A great idea is only that -- a great idea -- if it isn't implemented well. I've been amazed again and again at how poor Olympic coverage is online. I've been looking for information about the equestrian events for my hobby blog and I'm just not getting anything from the search engines. After a few hours digging around, I discovered that the information is out there, it's just hidden behind coding that isn't crawlable by the search engines or content that isn't optimized. Lenovo isn't the only Olympic site with this problem.

It's too bad because a website that provides strong, well-optimized content on a world-wide event like the Olympics is going to go through the roof in traffic, links, and loyal visitors.

If you really want your social media campaign to succeed, you have to pay attention to elements of good SEO--including usability. If a site doesn't perform well in the search engines, that's a pretty good indicator that it doesn't work well for people either. If you design a site in which people can easily find the information they're looking for and that has well-written, targeted content, you'll do well.


As the prime technical lead behind the "Voices" site I can't start to underline how valuable your feedback is. It is thanks to people like you who share their knowledge in such an open and uninterested way that the web evolves. I might not see eye-to-eye on everything you post here and we have reasons for making some choices, but overall I am agree on most of it.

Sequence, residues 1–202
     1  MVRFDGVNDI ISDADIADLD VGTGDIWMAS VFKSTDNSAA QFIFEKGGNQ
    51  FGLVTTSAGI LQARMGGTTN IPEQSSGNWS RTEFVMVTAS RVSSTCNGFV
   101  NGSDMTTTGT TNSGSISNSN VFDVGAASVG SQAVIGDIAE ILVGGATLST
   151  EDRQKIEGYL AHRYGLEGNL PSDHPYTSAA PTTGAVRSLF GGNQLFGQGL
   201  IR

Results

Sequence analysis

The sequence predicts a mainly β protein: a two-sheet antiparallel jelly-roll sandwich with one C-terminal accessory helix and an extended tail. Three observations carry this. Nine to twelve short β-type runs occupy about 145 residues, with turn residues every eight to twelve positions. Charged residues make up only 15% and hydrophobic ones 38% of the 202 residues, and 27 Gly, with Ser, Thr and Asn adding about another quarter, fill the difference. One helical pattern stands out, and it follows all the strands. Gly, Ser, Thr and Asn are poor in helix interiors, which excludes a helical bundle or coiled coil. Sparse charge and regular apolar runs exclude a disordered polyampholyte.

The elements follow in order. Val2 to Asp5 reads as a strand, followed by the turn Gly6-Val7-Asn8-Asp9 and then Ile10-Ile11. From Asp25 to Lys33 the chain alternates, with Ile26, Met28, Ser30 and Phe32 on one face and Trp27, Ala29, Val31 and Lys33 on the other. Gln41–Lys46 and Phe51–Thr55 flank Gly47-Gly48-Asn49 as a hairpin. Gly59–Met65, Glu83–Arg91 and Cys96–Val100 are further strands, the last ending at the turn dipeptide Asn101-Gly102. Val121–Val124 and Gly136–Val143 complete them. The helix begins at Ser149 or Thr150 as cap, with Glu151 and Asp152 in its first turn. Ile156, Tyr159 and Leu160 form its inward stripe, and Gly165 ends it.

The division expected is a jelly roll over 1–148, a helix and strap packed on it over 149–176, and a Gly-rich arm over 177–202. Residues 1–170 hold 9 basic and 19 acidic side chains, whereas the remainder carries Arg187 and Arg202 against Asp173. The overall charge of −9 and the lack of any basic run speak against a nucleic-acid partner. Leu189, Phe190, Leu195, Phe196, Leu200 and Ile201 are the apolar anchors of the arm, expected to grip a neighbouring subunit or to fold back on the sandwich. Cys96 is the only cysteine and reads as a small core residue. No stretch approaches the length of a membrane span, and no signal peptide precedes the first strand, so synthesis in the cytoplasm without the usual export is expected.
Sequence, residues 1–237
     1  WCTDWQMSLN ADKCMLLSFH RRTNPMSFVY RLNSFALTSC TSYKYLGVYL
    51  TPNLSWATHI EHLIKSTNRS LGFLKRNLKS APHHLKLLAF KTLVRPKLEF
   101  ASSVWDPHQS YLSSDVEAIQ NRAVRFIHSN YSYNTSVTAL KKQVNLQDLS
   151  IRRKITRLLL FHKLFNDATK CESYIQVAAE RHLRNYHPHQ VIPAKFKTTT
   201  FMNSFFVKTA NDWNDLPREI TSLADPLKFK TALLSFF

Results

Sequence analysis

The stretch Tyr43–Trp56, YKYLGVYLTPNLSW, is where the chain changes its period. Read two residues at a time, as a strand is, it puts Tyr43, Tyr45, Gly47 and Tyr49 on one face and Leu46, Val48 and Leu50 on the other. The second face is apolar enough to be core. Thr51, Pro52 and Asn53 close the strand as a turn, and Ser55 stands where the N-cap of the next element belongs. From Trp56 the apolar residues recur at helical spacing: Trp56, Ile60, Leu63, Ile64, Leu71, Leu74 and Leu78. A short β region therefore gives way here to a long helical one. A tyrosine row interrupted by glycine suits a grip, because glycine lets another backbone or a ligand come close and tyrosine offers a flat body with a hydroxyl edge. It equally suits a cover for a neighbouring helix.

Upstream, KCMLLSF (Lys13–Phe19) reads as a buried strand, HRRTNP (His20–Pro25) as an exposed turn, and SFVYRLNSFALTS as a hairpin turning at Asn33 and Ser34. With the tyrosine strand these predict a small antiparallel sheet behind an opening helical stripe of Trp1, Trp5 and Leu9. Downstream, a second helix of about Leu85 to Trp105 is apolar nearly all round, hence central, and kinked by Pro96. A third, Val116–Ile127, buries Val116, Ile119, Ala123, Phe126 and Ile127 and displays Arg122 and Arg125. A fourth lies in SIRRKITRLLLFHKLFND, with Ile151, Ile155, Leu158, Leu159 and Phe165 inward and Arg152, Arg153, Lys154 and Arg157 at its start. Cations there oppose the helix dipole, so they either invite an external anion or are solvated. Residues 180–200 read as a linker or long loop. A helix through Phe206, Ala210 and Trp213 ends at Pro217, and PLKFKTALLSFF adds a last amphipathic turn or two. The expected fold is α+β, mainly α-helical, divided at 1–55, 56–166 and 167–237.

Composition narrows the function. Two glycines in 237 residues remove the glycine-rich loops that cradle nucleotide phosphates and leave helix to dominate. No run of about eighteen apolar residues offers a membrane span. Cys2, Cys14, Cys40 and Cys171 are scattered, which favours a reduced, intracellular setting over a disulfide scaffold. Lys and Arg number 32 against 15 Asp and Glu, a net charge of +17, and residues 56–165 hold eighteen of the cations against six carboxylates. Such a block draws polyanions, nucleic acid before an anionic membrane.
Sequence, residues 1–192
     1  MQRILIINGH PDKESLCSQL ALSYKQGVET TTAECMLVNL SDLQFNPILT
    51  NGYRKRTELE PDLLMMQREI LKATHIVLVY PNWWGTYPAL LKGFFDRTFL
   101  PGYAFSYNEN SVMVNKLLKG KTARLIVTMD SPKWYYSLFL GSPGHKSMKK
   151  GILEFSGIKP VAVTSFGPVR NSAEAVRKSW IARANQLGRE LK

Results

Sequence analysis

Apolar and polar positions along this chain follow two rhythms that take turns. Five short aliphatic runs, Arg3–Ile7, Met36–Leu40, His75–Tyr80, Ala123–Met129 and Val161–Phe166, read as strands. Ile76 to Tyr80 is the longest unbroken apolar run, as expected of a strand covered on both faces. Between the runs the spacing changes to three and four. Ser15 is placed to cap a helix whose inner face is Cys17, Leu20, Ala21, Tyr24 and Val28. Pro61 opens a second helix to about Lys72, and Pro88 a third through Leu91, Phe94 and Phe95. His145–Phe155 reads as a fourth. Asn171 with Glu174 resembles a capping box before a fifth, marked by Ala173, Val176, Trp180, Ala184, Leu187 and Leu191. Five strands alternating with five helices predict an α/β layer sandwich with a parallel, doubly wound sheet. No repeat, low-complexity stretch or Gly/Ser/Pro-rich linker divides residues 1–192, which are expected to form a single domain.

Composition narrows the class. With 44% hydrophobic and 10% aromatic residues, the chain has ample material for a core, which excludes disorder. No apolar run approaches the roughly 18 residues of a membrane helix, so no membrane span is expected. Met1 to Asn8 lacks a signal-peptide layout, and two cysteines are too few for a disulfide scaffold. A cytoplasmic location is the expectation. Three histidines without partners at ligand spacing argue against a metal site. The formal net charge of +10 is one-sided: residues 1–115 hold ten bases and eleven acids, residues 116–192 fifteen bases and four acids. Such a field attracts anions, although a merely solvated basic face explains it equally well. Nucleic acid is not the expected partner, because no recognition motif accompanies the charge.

Note duely taken and thanks a lot.



Kudos to you for taking this post in the context it was intended. I have no doubt there were good reasons for not doing a lot of the things I mentioned (way more work on the content side of things).

My primary frustration and point was the search accessibility side of things. There is almost never a reason to lock search engines out of a site. That means it's generally an issue of it simply not being considered. Search still has a long ways to go before it's part of the checklist of every single site.

I see a lot of resistance to search engine optimization in the social media and agency communities, and the Voices site gave me prime opportunity to address the issue and explain why it's so essential to have at least a baseline understanding of how SEO works and how to build with search in mind.

I was sincere in my appreciation for the campaign as a whole and what your team is trying to accomplish. Hopefully you'll be able to pull some things from my suggestions that will help improve the site and hopefully others will read this and consider search more carefully before they go about building their own social media campaigns.